I had originally planned to pen a piece this month about a new instance of blatant bigotry in the Pagan community and the need for us to again assert the necessity of embracing diversity, but was beat to the punch by my friend Jason Mankey over at Patheos Pagan, who wrote this piece about an ostensibly Druid group on Facebook using the guise of “traditional values” as a cover for promoting right-wing prejudice. But as I got closer and closer to my deadline, I found myself being pulled toward another issue that looms dark over all of our heads, and not just for those of us in the Pagan or queer communities.
I find myself in a liminal space, somewhere between sharp optimism and dull hopelessness, as I contemplate the potential future of our species. As the coronavirus continues to severely impact our way of life, a vocal minority has risen up to challenge the wisdom of doctors, scientists, and health officials, as well as the politicians who have been following their advice.
We’ve seen it coming for a long time. We’ve even joked about it. But the reality isn’t funny. With a cult-like fervor, some are turning to conspiracy theories and political extremism by flatly refusing to accept real scientific facts as well as the experience of trained experts, all because of “corporate media bias” and a twisted definition of “freedom” in relation to others in society.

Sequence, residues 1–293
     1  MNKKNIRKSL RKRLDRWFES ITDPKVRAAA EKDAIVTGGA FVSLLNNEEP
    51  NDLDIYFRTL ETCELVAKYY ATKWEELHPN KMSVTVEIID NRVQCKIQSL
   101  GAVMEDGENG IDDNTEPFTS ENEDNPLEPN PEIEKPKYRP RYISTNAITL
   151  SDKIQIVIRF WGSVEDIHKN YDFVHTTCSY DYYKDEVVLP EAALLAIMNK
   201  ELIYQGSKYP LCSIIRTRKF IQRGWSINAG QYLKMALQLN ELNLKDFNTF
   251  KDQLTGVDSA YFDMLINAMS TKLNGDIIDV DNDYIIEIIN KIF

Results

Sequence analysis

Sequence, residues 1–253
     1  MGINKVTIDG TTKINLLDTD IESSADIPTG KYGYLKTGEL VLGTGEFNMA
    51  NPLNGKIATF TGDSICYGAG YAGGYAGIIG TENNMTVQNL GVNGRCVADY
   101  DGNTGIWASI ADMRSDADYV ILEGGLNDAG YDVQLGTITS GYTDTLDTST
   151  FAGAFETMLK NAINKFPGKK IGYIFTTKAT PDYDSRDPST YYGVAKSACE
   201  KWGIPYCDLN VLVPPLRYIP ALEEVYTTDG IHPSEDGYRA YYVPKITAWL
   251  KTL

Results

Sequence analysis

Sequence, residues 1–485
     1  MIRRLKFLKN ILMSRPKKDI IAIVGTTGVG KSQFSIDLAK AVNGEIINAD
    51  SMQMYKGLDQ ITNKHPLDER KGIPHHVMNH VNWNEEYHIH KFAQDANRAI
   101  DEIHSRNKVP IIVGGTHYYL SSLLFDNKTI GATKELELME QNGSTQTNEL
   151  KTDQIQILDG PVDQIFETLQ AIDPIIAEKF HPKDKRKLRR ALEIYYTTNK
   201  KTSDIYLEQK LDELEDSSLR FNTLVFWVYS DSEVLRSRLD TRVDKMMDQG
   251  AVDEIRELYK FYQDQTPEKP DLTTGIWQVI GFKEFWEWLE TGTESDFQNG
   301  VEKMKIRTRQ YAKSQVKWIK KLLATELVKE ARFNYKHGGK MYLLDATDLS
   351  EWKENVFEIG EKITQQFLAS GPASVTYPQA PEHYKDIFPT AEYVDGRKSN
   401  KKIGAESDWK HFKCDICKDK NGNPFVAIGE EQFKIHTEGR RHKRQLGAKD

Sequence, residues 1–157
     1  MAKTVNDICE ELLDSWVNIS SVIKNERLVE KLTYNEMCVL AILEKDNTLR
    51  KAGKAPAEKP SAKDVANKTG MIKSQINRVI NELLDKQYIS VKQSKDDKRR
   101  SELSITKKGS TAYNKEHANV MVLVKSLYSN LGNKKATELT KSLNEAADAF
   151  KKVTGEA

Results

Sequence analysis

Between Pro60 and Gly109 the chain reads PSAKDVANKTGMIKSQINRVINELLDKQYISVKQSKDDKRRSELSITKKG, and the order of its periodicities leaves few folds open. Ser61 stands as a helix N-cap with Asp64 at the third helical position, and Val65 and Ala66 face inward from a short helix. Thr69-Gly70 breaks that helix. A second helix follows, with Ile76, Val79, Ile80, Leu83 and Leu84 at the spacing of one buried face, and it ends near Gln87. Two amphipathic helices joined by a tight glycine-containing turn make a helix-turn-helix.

While we on the political left have long been painted broadly by the conservative political machine as “snowflakes” – that is, emotionally delicate and largely ineffectual – what we have seen play out on the world stage would suggest collective conservative projection. Governments that issued stay-at-home orders and shut down non-essential businesses in the effort to curb the tide of a highly infectious viral pandemic, have recently seen protests in the name of “protecting civil liberties.”